HUD searches for ways to rescue periled public housing
Boston — Public housing in the nation's largest cities is an endangered species, and US Department of Housing and Urban Development (HUD) officials are looking for ways and means to revive an institution once considered a panacea for the housing needs of the nation's poor.
The situation here is so bad that the Boston Housing Authority (BHA), one of the nation's 10 largest local public housing agencies, has been placed in receivership. The Massachusetts Supreme Judicial Court authorized the receivership Feb. 5.
HUD, which has budgeted $741.5 million to support more than 3.2 million units throughout the nation, is determined to prevent deterioration in other troubled cities that could incite future damaging legal actions against local authorities.
And the National Association of Housing and Redevelopment Officials (NAHRO) plans to conduct a series of workshops to urge the private sector to take more than a passing interest in housing for low-and moderate-income families.
Basically, housing experts within and outside of HUD agree on the key causes of public housing problems: not enough funds provided for maintenance, security, and modernizing of public housing; the aging and outdating of older developments , usually located in inner- city ghettos of the nation's cities of more than 500 ,000 population; inflated crime rates; and unemployment and poverty among residents.
Although HUD is working with the appointed BHA receiver here, housing troubleshooter Lewis H. Spence, the federal landford considers the Massachusetts court ruling "a drastic" measure not recommended for other decaying public housing programs.
"We cannot allow another Boston," says Clyde McHenry, HUD assistant secretary for public housing. to prevent "another boston," he adds, HUD has taken some basic steps to improve the nation's current public housing stock:
* Comprehensive Modernization. This program combines the "best" of two HUD pilot efforts -- the Target Projects Program (TPP) of 1975 and the Urban Initiatives Program of 1978 -- to completely modernize and update units in 500 distressed projects, 5 percent of the nation's public housing. Congress has appropriated $218 million to start the program this year and another $218 million to continue it through fiscal year 1981. HUD's goal is to institutionalize this program for all local housing authorities within five years. "This is an effort to prevent future deterioration of public housing," Mr. McHenry says.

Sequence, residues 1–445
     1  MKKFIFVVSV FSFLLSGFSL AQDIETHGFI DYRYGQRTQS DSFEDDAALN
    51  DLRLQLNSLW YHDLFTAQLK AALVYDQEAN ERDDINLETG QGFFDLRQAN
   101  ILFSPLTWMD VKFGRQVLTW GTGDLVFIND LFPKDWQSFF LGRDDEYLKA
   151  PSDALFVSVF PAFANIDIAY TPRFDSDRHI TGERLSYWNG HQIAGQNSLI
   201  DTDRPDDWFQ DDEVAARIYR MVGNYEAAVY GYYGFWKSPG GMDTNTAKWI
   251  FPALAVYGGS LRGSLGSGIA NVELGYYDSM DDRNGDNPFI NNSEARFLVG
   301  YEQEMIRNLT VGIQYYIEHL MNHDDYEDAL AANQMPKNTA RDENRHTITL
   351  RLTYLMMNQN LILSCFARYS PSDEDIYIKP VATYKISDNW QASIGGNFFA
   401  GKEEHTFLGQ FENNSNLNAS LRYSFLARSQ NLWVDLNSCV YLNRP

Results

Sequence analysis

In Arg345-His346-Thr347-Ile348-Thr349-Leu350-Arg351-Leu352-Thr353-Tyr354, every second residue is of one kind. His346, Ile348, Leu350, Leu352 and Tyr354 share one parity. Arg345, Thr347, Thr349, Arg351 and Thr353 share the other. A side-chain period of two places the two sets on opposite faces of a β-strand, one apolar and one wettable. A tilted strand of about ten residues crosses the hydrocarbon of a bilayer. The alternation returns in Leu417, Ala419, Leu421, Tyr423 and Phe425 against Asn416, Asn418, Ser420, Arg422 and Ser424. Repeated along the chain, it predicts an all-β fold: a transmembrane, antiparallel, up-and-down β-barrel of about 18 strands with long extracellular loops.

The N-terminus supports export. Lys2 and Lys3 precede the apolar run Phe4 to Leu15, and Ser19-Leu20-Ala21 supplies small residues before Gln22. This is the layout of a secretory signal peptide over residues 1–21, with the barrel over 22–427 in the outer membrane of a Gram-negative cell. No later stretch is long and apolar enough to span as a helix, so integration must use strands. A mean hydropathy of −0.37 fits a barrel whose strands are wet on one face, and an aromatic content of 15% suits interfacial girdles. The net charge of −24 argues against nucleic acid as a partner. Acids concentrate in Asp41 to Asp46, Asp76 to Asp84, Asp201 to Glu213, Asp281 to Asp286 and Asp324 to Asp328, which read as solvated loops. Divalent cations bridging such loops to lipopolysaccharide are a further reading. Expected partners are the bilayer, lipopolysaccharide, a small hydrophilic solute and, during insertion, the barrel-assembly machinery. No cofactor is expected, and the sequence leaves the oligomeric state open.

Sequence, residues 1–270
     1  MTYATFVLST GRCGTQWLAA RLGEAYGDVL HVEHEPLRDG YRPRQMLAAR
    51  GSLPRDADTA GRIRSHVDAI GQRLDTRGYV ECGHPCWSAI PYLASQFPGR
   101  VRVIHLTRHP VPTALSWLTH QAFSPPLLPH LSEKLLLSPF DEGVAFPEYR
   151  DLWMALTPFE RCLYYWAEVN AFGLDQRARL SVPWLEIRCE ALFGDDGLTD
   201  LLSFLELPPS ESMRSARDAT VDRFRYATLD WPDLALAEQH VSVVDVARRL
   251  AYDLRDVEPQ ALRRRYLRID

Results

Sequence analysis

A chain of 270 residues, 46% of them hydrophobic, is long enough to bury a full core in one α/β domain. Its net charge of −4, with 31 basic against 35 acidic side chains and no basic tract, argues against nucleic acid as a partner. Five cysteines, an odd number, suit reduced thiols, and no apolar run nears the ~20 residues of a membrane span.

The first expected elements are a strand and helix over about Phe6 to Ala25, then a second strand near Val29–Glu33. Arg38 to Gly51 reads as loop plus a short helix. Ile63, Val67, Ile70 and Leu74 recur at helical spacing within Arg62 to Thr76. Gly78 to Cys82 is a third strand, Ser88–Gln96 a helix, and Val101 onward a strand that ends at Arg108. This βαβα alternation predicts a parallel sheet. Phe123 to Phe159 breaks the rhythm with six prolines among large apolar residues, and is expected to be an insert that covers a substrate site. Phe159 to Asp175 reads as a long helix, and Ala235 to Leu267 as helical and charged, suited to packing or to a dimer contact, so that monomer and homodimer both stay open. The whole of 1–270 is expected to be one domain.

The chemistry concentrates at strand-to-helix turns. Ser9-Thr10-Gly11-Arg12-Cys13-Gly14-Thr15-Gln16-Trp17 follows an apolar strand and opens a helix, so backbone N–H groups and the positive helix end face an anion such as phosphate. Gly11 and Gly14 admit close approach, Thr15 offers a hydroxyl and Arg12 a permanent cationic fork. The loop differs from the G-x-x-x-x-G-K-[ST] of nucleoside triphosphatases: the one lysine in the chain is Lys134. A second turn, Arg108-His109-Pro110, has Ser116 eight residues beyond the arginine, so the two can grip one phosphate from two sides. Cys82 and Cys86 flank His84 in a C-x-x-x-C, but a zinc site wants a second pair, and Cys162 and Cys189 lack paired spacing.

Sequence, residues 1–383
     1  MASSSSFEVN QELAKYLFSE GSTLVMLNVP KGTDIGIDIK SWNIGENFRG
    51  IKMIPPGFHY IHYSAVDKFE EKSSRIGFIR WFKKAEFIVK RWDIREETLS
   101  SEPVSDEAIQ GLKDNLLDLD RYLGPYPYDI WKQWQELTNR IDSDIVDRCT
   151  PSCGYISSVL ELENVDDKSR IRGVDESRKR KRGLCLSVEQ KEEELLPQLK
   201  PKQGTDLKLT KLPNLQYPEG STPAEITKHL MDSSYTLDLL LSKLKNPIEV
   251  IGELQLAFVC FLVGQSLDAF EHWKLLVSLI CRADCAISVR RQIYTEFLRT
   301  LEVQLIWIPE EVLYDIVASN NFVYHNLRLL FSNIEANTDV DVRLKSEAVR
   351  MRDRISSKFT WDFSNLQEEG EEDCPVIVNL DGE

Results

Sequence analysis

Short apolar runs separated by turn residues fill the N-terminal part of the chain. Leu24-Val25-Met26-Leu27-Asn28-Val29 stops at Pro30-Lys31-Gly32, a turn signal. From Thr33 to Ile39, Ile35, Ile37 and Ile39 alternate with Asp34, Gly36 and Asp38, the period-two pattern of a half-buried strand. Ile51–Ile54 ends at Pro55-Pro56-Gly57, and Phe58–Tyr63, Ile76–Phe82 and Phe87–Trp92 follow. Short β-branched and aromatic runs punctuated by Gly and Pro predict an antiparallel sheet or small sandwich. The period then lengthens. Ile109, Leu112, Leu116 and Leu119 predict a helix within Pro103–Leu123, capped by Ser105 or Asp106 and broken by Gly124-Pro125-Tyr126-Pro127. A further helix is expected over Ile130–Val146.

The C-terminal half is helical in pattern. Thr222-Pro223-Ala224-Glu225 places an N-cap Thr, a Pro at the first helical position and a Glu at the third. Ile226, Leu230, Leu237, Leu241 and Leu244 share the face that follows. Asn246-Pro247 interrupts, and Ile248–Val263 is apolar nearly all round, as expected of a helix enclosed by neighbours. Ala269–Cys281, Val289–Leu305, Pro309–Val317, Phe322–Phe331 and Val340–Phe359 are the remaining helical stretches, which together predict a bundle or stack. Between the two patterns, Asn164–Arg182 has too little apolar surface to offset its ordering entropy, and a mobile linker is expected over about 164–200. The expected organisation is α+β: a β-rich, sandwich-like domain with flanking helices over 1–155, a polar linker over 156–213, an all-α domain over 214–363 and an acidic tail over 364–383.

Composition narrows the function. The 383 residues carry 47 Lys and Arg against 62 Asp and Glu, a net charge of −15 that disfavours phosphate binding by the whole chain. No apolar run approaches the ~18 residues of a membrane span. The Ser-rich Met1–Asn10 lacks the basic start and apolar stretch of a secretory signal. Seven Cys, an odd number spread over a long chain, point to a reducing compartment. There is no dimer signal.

* Rehabilitation of present stock and new construction: HUD is asking Congress to divert as much as half the funds allotted to new housing -- current requests are for 150,000 new units this year -- to rehabilitation of present units now in use but not meeting local building-code requirements. "This will be for a limited number of units, and it will not be a free lunch for beneficiaries either," Mr. McHenry says. "We shall have strings and fiscal controls attached. Housing authorities will be told to straighten up and fly right."
* Cooperative programs: Social services and safety measures are offered through 10 federal agencies, including HUD. They coordinate their efforts to make public housing projects livable, sanitary, and safe communities for tenants. They offer anticrime programs, alcohol- and drug-abuse projects, youth and tenant employment activities, urban park and recreational facilities, tenant organization, and tenant security patrols.
Housing specialists in and out of government, however, agree the HUD alone cannot do the job, especially in this age of inflating budgets.
"Most public housing is well-managed," says Joseph Burnstein; chairman of the seminar series, cosponsored by NAHRO and Legal Times, a real estate publication. "But exceptions such as Boston scare everybody. HUD is taking many steps to overcome tremendous problems, but today is not yesterday, and HUD does not have enough money."
Now in private practice in washington after working 37 years as a HUD counselor, Mr. Burnstein favors programs that bring private industry into the low-cost housing market through subsidized (Section 8) housing, turnkey developments, and other initiatives.
HUD officials have taken both formal and informal control of local public housing operations in the past, but never has an authority been placed under receivership until Boston, be says.
He recalls that past actions against local housing authorities ranged from court appointment of a master to enforce desegregation in Chicago to a HUD "takeover" of Los Angeles public housing in the 1950s.